As lawmakers and election security experts try to counter President Trump’s assertion that voting by mail invites fraud, a senior official of the Cybersecurity and Infrastructure Security Agency dismissed the controversy as a “process” issue. “I mean, you got to keep in mind what our goal here is,” the senior CISA official said on a call with reporters today regarding the primary contests happening in eight states. “We’re supporting state and local officials as they implement their electoral, you know as they administer elections. We’re focused on the infrastructure, providing cybersecurity services to the infrastructure, back-end systems, on voting machines, those are all the things. The president’s concern is on the process side.” The official was answering a question about whether CISA was doing anything to publicly fact check May 26 tweets the president made claiming the use of mail-in ballots means “this will be a rigged election.” In an unprecedented move, Twitter labeled the tweets “misleading,” and noted their potential to sow confusion.  

National: ‘Biggest threat to election security is the coronavirus,’ security expert warns | Benjamin Freed/StateScoop

Although the rate of new infections appears to have slowed down in recent weeks, the COVID-19 pandemic remains the greatest challenge to ensuring that the 2020 presidential election runs accurately and securely, election security experts said Monday. Speaking on a webcast hosted by two members of the House Homeland Security Committee, Wendy Weiser of New York University’s Brennan Center for Law and Justice said election officials still need much more funding and support to make all the preparations for an election that will likely have to be conducted largely via mail, especially in states that have historically low rates of postal ballots. “By far the biggest threat to our election is the coronavirus,” Weiser said. “We are going to see substantial changes to how we run elections this year.” A potential preview of November is playing out Tuesday, with seven states and the District of Columbia holding their primary elections, including several that were delayed from March and April as the pandemic spread and kept voters cooped up under stay-at-home orders. In almost all those jurisdictions, election officials — Republican and Democratic — made efforts to expand their use of mail-in ballots.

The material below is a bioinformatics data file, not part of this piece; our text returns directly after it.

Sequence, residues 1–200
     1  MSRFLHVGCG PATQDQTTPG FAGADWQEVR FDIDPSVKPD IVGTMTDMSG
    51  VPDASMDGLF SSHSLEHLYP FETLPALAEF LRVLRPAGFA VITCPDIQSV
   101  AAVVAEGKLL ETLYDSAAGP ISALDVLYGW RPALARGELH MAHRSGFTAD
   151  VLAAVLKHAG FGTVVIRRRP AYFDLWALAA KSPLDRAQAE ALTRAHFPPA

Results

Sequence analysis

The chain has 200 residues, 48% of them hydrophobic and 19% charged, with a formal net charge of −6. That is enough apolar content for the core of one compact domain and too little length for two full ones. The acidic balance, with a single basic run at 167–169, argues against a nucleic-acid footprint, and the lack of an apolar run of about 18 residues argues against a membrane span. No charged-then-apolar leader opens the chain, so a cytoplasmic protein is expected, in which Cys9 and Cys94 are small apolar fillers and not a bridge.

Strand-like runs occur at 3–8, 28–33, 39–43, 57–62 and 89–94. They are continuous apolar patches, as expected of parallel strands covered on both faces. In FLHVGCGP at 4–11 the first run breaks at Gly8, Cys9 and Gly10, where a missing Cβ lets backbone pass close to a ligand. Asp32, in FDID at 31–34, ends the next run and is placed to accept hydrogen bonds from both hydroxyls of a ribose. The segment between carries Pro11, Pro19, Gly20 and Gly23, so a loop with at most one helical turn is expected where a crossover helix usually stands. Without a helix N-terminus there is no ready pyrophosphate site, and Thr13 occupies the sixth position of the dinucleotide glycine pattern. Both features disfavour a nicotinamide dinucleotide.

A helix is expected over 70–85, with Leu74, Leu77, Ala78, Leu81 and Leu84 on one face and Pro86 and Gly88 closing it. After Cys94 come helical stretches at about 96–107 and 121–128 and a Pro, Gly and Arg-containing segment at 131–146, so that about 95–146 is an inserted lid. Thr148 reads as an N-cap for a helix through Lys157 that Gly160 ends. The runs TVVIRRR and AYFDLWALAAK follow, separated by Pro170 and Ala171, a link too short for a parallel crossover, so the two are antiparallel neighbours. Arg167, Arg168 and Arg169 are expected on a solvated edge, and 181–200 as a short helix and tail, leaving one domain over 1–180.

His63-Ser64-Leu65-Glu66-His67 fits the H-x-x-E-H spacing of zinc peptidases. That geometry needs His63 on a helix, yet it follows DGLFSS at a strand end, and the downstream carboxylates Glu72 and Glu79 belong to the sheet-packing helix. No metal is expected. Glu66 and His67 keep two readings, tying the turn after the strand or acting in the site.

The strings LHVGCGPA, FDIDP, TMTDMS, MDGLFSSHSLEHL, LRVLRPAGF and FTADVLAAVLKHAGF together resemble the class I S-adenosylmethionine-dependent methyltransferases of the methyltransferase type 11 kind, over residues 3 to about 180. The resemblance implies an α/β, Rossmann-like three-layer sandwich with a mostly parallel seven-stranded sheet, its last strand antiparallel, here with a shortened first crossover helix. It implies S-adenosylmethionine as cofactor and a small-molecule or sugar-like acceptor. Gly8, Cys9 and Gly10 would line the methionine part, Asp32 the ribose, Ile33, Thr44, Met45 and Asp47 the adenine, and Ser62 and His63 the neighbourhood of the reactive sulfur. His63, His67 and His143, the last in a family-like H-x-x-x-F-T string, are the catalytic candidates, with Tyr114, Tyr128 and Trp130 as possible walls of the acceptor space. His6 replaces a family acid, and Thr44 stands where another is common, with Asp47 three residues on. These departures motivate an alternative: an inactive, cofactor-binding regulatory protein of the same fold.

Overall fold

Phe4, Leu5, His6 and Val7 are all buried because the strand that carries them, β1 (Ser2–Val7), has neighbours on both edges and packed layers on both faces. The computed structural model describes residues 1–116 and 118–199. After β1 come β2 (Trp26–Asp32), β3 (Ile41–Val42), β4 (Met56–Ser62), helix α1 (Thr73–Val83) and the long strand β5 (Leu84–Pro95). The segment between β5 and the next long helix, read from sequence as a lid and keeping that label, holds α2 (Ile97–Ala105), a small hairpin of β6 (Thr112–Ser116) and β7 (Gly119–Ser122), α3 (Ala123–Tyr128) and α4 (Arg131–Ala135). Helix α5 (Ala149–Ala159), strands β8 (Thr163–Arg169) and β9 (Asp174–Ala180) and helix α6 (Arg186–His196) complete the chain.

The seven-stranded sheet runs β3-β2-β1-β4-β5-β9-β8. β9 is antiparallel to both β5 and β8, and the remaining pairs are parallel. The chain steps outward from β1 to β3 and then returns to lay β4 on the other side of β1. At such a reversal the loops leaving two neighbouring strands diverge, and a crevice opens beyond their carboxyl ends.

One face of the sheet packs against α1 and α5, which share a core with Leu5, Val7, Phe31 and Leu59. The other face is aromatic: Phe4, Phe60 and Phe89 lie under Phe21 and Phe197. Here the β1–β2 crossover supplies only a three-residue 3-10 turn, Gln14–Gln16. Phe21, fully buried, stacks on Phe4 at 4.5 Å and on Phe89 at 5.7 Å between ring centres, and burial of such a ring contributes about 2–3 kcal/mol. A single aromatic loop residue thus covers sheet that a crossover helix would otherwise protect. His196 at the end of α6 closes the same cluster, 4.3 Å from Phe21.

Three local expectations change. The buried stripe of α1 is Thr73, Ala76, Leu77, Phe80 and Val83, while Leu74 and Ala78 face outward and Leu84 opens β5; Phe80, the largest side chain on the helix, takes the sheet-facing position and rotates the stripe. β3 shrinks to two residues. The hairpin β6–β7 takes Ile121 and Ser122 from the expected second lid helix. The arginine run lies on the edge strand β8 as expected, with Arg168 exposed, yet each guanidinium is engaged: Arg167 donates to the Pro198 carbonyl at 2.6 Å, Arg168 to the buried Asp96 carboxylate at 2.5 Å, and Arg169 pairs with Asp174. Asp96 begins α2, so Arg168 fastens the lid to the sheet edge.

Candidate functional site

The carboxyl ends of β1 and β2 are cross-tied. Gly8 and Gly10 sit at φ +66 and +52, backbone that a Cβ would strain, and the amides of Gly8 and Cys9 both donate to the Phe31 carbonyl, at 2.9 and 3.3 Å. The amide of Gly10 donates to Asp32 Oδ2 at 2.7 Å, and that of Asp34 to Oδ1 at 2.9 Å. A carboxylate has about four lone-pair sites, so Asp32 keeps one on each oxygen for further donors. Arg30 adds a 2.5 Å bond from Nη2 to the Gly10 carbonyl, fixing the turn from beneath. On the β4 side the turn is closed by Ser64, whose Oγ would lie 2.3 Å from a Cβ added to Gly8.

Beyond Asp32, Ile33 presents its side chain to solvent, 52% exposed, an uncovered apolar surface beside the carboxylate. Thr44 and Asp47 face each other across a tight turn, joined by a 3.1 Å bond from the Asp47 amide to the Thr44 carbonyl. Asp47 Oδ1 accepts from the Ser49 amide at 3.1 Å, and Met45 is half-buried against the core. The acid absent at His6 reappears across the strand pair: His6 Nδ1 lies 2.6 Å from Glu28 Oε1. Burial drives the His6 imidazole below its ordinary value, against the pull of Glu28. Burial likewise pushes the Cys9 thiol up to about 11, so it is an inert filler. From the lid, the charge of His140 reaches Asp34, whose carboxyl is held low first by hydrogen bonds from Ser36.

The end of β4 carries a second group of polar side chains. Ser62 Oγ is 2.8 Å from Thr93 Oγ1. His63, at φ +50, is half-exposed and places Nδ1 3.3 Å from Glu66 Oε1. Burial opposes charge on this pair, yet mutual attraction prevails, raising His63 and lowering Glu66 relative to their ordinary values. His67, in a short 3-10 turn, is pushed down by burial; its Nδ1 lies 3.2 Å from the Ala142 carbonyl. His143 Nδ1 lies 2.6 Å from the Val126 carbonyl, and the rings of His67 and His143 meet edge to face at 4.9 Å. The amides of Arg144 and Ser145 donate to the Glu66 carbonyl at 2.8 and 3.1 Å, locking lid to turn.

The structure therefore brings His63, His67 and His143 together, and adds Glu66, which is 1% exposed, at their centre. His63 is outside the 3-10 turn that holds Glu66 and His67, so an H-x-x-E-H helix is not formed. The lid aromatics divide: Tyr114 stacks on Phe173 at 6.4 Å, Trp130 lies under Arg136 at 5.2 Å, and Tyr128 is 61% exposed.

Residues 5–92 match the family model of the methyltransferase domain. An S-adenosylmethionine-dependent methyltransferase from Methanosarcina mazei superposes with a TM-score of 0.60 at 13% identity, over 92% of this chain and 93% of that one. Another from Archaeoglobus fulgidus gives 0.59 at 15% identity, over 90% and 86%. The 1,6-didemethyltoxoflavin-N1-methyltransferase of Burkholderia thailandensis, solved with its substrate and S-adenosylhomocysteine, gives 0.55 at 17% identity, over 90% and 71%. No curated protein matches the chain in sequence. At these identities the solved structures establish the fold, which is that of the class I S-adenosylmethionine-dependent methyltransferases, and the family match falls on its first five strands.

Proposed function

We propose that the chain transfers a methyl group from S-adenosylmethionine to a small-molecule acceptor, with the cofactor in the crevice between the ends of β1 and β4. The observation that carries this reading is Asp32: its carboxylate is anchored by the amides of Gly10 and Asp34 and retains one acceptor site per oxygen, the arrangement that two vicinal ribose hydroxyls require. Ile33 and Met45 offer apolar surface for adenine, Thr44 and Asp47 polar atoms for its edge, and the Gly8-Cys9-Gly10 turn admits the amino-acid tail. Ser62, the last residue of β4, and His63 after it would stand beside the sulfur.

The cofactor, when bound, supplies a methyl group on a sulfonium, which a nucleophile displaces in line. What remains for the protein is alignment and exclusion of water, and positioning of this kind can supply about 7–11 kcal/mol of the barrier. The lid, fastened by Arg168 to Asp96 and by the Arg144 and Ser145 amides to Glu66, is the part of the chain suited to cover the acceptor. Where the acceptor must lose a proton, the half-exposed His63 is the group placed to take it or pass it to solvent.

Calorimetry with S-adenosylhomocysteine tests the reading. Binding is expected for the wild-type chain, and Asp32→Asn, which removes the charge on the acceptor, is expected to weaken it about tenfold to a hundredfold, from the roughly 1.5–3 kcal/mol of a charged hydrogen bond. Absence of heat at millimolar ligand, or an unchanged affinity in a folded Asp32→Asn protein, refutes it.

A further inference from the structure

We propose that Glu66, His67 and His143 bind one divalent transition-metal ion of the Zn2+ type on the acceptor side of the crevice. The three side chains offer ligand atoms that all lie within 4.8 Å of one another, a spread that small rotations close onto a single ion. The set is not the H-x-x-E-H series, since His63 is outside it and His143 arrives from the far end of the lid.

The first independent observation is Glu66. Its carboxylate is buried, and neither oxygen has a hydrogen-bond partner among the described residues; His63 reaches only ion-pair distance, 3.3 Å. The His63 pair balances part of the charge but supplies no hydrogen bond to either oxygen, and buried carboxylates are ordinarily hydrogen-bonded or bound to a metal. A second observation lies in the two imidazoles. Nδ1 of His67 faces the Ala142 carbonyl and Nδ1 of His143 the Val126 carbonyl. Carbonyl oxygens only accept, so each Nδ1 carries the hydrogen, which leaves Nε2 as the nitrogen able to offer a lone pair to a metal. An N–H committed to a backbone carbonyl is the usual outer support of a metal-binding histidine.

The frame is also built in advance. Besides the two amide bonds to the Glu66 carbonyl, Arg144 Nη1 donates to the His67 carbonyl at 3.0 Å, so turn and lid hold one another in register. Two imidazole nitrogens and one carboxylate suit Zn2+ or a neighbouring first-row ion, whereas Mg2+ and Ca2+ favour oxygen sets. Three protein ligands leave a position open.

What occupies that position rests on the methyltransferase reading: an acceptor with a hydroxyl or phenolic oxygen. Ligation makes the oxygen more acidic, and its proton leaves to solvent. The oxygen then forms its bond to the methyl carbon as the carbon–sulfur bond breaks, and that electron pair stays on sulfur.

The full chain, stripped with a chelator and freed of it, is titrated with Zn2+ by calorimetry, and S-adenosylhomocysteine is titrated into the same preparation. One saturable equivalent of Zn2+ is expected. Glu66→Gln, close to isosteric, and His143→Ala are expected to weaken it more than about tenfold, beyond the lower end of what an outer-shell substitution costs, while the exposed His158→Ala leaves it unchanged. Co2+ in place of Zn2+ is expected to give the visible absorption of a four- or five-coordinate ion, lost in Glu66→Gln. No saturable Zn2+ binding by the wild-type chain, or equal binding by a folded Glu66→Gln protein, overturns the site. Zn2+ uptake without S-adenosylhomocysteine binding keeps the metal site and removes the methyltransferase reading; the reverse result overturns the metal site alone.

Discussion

National: ‘First Super Tuesday’ Of The COVID-19 Era: Voting Amid Protests, Pandemic | Miles Parks/NPR